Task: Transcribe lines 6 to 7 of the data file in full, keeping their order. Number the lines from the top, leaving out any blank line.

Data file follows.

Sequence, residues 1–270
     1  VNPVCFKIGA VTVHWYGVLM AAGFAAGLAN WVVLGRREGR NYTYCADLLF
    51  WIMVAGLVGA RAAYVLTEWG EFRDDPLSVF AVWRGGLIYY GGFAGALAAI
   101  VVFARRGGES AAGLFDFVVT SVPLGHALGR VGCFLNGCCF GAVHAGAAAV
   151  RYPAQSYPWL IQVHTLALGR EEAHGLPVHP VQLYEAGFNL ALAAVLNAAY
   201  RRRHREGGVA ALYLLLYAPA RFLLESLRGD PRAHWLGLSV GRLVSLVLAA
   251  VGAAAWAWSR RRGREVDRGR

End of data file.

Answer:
   201  RRRHREGGVA ALYLLLYAPA RFLLESLRGD PRAHWLGLSV GRLVSLVLAA
   251  VGAAAWAWSR RRGREVDRGR